We woke up early the next morning and started making progress downstream, team anticipation at an all-time high. After a few hours of paddling some big scary rapids and portaging through the committing entrance gorges, we were staring down into the guts of the Crucible.
Will peaking into the entrance gorges.
Xavier’s point of view, looking into the Crucible. Shangri La is visible at the end of the gorge, four rapids and a thousand miles away.
Scouting out the first rapid in the crucible…
At this point we were all on fire, had solid beta on the lines, and it was no time to hold back. We put in at the top, and ran the sweet curling boof into the entrance rapid.
Will charcing against the grain. Will’s charc is well aligned with the universe.
We kept routing downstream and ten minutes later we were out the other side Crucible in Shangri La and on top of the world.
Ryan boofing through the last drop in the crucible.
Looking back at huge semi-scoutable gradient in the Crucible. Words cannot do justice to the beauty of this place.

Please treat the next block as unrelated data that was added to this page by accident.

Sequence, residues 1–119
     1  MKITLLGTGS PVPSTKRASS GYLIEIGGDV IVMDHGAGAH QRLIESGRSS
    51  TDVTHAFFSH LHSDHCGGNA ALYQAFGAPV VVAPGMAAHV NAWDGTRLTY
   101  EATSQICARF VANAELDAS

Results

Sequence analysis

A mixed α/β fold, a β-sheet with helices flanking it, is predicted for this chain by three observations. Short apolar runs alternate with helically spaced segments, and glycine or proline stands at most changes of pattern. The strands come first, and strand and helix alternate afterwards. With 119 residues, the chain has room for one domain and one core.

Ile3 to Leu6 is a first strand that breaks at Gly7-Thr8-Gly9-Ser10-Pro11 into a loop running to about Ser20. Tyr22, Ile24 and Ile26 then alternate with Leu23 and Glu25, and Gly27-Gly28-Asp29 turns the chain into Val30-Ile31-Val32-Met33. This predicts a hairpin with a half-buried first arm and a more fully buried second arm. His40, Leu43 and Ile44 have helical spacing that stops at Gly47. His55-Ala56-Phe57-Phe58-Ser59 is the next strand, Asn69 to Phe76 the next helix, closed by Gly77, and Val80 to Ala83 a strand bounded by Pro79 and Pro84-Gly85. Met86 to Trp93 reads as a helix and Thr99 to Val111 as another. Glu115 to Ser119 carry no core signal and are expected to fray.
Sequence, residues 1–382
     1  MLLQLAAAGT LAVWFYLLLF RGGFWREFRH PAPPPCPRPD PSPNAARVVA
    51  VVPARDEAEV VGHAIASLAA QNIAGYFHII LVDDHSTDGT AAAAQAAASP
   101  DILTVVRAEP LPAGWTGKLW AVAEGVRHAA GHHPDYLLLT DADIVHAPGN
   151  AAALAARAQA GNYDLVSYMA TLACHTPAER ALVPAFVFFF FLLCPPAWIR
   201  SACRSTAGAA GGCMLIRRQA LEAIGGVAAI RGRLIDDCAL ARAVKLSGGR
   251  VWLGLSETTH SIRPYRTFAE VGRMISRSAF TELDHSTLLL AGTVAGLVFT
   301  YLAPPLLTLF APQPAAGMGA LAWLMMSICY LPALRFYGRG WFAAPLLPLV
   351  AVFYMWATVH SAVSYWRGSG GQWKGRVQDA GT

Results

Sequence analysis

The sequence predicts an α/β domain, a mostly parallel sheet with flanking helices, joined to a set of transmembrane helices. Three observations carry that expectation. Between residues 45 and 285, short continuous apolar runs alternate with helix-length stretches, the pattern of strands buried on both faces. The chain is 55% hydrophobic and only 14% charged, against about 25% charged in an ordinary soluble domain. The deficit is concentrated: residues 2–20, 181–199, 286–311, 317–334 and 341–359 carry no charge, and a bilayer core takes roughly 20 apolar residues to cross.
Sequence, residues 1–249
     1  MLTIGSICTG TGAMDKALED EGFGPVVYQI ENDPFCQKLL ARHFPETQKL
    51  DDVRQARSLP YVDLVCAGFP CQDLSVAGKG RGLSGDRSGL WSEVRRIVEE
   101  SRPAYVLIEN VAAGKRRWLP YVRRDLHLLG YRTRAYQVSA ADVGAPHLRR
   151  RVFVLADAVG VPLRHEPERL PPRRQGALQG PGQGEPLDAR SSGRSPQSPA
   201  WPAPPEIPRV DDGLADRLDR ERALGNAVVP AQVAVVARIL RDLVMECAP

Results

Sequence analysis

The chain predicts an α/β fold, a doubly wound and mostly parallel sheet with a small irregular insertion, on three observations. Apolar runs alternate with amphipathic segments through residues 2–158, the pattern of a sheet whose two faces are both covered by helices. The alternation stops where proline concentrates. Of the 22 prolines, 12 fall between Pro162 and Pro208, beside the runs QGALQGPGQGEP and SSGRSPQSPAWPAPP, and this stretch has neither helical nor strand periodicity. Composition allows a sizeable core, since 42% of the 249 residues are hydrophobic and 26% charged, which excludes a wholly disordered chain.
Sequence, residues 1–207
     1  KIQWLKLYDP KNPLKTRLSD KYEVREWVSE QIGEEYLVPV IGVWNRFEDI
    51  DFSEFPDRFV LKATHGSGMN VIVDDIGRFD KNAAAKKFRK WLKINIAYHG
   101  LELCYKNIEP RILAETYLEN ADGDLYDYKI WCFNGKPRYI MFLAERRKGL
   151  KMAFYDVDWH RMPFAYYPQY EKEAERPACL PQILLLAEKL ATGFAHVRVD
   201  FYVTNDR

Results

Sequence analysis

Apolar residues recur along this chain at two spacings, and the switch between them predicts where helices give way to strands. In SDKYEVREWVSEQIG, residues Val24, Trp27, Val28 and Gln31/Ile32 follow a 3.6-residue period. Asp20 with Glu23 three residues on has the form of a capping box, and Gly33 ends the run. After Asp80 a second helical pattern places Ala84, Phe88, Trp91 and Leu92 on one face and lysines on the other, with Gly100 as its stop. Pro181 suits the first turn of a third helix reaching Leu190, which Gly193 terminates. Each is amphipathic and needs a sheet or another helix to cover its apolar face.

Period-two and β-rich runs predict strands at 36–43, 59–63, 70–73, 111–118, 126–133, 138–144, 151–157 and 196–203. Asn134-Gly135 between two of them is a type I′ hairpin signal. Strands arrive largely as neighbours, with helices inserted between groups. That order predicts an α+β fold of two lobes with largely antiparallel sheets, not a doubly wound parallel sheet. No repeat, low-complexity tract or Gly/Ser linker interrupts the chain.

Lunch in Shangri La, under a 100 foot waterfall.
Enjoying lunch post Crucible, we had high hopes of making to the reservoir that night and paddling the six miles to the boat ramp under the stars. Those dreams were crushed when I boat scouted into a sieve/crack combo in the first significant whitewater after lunch and was forced to exit my trusty watercraft, lucky before it disappeared under ground.
It took three hours to z-drag the boat out of the sieve, and I had plenty of time in those hours to contemplate the risks of class V+ expedition kayaking, especially how much it would suck/how possible it would even be to hike out from my present position in the canyon. I extend a huge thanks to Will, Xavier and Ryan for the solid rope skills, team work, patience, and motivation that was necessary to free my kayak.